As the founder of Steven Holl Architects, Steven Holl (born December 9, 1947) is recognized as one of the world's leading architects, having received prestigious awards for his contributions to design over the course of nearly forty years in practice, including the prestigious Alvar Aalto Medal in 1998, the AIA Gold Medal in in 2012, and the 2014 Praemium Imperiale. In 1991, Time Magazine named Holl America's Best Architect. He is revered for his ability to harness light to create structures with remarkable sensitivity to their locations, while his written works have been published in many preeminent volumes, sometimes collaborating with world-renowned architectural thinkers such as Juhani Pallasmaa and Alberto Pérez-Gómez.
Lina Bo Bardi (December 4, 1914 – March 20, 1992) was one of the most important and expressive architects of 20th century Brazilian architecture. Born in Italy as Lina Achillina Bo, she studied architecture at the University of Rome, moving to Milan after graduation. In Milan, Bo Bardi collaborated with Gio Ponti, and later become editor of the magazine Quiaderni di Domus.
With her office destroyed in World War II Bo Bardi, along with Bruno Zevi, founded the publication A Cultura della Vita. As a member of the Italian Communist Party, she met the critic and art historian Pietro Maria Bardi, with whom she would move permanently to Brazil.
Ricardo Bofill (born 5 December 1939), a graduate of the Barcelona University School of Architecture and the School of Geneva, and the founder of interdisciplinary firm Taller de Arquitectura, is renowned for his extensive body of work and ever-changing design aesthetic. His career has spanned over 50 years, encompassing more than 1000 buildings in cities ranging from Lisbon and Boston to Tokyo and St. Petersburg. His architectural approach has evolved over the decades and has permeated dozens of countries worldwide.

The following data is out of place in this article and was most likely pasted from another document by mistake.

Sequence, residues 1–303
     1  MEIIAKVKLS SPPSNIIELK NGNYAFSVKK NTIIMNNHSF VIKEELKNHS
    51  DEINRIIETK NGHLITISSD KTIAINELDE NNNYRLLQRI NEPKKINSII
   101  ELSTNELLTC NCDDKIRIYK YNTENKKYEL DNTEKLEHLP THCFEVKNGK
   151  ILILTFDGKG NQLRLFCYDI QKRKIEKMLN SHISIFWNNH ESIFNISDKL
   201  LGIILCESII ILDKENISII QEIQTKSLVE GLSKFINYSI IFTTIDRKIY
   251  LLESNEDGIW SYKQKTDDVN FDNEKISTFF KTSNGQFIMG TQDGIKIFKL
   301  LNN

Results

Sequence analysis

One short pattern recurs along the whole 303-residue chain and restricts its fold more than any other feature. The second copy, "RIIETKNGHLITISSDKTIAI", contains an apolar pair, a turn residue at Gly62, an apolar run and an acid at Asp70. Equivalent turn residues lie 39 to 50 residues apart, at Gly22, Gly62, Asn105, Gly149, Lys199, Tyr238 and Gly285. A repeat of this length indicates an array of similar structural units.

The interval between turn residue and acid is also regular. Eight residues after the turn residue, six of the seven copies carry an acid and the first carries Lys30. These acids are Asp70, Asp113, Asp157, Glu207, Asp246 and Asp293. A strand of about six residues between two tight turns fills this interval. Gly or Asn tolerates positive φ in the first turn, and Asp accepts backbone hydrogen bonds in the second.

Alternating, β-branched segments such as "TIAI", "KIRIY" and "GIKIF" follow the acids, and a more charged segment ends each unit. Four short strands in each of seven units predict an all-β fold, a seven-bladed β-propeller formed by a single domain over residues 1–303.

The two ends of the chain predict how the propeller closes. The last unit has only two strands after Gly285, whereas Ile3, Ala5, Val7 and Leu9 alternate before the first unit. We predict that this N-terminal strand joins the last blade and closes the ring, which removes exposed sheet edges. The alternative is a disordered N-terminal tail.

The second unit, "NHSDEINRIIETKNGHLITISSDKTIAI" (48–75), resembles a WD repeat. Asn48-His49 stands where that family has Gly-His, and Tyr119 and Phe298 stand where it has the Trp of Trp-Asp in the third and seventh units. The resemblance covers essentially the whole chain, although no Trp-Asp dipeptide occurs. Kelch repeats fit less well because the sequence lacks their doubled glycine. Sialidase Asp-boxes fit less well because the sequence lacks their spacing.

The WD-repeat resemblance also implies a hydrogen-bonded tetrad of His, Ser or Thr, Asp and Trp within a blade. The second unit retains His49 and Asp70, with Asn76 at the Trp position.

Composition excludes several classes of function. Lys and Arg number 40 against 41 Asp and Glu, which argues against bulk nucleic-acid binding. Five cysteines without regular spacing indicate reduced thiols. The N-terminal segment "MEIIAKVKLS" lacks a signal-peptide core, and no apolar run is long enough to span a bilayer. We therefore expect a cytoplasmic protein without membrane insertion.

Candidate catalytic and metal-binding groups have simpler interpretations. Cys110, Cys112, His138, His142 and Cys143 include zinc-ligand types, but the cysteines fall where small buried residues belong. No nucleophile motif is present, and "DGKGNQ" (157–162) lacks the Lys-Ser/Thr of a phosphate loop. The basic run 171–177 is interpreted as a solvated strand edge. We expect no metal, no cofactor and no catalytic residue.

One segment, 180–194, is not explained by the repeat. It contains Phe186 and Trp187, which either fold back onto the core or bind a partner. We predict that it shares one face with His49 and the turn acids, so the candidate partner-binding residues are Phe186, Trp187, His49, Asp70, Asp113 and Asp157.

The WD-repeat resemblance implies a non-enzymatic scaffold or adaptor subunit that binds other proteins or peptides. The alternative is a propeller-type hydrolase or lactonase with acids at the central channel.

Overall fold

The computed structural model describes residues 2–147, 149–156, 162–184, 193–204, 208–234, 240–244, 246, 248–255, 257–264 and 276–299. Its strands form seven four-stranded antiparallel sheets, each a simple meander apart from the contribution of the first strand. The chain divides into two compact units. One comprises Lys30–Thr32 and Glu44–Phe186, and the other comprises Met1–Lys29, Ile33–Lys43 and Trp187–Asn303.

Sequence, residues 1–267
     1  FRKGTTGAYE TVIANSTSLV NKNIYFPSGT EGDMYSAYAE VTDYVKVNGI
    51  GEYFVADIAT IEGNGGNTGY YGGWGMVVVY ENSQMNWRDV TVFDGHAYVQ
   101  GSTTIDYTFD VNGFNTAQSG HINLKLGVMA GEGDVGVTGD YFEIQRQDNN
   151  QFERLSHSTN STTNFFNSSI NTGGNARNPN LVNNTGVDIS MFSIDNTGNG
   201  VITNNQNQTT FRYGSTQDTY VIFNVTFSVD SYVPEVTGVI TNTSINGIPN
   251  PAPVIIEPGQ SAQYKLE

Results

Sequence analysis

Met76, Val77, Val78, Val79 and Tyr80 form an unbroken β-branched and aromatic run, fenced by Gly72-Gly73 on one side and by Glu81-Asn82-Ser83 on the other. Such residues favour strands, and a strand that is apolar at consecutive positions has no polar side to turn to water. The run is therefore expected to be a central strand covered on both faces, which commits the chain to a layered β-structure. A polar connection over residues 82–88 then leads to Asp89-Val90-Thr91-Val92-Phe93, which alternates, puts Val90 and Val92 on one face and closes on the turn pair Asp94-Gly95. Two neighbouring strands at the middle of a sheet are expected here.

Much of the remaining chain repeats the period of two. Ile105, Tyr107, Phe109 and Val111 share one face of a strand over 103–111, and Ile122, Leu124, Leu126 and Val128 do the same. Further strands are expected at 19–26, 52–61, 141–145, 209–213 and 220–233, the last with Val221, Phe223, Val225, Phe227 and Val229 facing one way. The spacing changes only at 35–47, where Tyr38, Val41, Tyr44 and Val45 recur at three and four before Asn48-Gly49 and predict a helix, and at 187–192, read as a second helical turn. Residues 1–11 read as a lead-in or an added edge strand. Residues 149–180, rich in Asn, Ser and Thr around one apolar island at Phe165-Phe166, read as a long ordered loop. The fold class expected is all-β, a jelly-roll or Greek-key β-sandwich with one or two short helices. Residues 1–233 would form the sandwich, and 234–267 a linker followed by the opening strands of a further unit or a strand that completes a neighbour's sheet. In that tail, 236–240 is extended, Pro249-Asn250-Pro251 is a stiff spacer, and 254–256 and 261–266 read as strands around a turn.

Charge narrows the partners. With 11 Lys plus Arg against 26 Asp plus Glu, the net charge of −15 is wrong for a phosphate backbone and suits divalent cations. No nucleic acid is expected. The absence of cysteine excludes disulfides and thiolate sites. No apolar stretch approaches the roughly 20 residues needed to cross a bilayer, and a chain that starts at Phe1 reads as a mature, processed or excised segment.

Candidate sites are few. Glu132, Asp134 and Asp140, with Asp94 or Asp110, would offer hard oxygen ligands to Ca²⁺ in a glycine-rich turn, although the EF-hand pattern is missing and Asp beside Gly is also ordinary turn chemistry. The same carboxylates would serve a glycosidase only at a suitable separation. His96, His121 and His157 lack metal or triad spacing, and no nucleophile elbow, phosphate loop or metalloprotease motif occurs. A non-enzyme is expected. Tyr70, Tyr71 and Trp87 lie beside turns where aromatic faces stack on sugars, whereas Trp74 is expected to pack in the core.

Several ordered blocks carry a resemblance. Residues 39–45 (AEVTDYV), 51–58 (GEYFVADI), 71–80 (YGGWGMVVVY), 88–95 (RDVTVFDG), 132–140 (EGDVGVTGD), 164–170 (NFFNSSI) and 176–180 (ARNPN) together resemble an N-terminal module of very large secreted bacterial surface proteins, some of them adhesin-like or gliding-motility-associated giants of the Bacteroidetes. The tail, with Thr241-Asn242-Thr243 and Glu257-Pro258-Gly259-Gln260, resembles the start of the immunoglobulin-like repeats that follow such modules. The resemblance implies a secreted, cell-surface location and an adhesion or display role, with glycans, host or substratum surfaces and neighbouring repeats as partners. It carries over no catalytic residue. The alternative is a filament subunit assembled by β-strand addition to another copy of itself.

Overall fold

Minoru Yamasaki (December 1, 1912 – February 7, 1986) has the uncommon distinction of being most well known for how his buildings were destroyed. His twin towers at the World Trade Center in New York collapsed in the terrorist attacks of September 11th, 2001, and his Pruitt-Igoe complex in St. Louis, Missouri, demolished less than 20 years after its completion, came to symbolize the failure of public housing and urban renewal in the United States. But beyond those infamous cases, Yamasaki enjoyed a long and prolific career, and was considered one of the masters of “New Formalism,” infusing modern buildings with classical proportions and sumptuous materials.
Founder of the innovative architecture firm MAD Architects, Ma Yansong (born 26 November 1975) has helped to give China a name in the international architecture scene. The first Chinese architect to receive a RIBA fellowship, Ma explores contemporary architecture in relation to traditional eastern values of nature, resulting in buildings that are complex and contextually aware, but sometimes even surreal.
With the extensive list of acclaimed alumni of his firm, OMA, it is not a stretch to call Rem Koolhaas (born 17 November 1944) the godfather of contemporary architecture. Equal parts theorist and designer, over his 40-year career Koolhaas has revolutionized the way architects look at program and interaction of space, and today continues to design buildings that push the capabilities of architecture to new places.
Wang Shu (born November 4, 1963) is a Hangzhou-based architect and dean at the China Academy of Art, known for his thoughtful resistance to what he considers “professionalized, soulless architecture.” His honoring of local tradition, environment, and craftsmanship saw him become the first Chinese citizen, and one of the youngest people overall, to receive the Pritzker Prize in 2012 for "an architecture that is timeless, deeply rooted in its context and yet universal.”